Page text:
No motorcade; just a donkey!

It is deeply disturbing to follow Jesus into his suffering and death and to realise how many people walk this same journey in our country (and others) today.

He deliberately set out for Jerusalem (Luke 9:51) knowing full well what would happen there. He entered the city riding a donkey (Mark 11:1-11), a useless animal for war.

He made ‘no resistance’ to those who struck him (Isaiah 50:5) and said to those who were his closest friends and colleagues in his mission, ‘you will all lose faith’ (Mark 14:27) and indeed they did. ‘They all deserted him and ran away’ (Mark 14:50).

There is always a danger that we will keep the passion at a distance, where we can handle it more easily.

We can say it is a story of something that happened a long time ago about the God who loves us and sent his Son into the world to live and die for us, and somehow by doing this he has saved us and taken away our sins. Now let’s go back to our normal life and carry on as usual.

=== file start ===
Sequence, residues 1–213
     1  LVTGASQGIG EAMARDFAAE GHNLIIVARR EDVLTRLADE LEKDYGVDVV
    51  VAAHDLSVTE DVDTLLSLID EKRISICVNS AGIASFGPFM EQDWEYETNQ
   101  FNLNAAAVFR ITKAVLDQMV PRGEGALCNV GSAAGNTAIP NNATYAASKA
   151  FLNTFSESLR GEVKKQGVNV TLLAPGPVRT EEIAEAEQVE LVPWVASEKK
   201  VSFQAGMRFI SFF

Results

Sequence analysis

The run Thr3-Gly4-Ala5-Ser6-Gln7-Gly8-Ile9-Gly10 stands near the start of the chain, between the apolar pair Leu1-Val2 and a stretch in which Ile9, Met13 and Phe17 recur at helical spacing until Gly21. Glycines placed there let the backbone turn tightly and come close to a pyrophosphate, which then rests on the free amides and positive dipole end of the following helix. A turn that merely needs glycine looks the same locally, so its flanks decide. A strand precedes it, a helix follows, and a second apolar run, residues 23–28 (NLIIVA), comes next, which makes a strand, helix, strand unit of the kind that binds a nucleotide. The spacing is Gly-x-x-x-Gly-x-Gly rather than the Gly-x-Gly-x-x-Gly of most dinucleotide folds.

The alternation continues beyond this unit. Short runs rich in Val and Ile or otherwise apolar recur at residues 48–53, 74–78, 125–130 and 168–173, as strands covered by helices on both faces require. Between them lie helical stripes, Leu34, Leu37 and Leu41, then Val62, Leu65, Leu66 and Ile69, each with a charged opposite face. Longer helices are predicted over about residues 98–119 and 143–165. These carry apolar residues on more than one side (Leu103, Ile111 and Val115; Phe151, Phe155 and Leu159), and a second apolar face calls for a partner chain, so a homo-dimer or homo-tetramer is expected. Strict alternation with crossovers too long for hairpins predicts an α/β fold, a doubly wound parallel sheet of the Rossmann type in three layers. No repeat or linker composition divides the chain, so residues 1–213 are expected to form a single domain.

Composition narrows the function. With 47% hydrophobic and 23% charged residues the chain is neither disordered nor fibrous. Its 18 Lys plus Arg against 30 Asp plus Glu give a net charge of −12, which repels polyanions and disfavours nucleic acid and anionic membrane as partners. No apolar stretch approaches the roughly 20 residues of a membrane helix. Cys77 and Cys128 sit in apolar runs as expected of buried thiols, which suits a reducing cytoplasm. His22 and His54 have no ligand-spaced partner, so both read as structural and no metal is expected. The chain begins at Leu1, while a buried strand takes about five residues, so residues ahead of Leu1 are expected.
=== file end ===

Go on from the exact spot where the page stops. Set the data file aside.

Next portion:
But is it possible we could allow the passion to come closer to us? ‘God’s weakness,’ St Paul says, ‘is stronger than human strength’ (I Cor 1: 25). In Mark’s account of the passion Jesus is utterly weak at one stage. He ‘felt terror and anguish’ (14:34).

How many of our contemporaries feel this same terror today when they face the force of the state against them? Can we share something of this terror with them?

But in the last part there is a sense of victory. The veil of the temple was torn ‘from top to bottom’ (15:38) signifying the end of the old. The centurion, a pagan, cries out ‘this man was Son of God’ (15:39).Joseph of Arimathea finds within himself the courage to go to Pilate to ask for the body so that he can bury it. The cries around the donkey’s ears of ‘Hosanna! Blessings on the coming kingdom!’ were no so far from the mark!

Nelson Mandela is a man who all his life has given a witness of strength – but not force. He showed an inner strength in his long years in prison and in his brief years as president.

The story about his trying to promote reconciliation with the Afrikaners, for example by cheering on the Springboks, shows that he preferred persuasion to force. He is leaving us an extraordinary heritage of weakness that turns out to be strength.

Post published in: Opinions & Analysis

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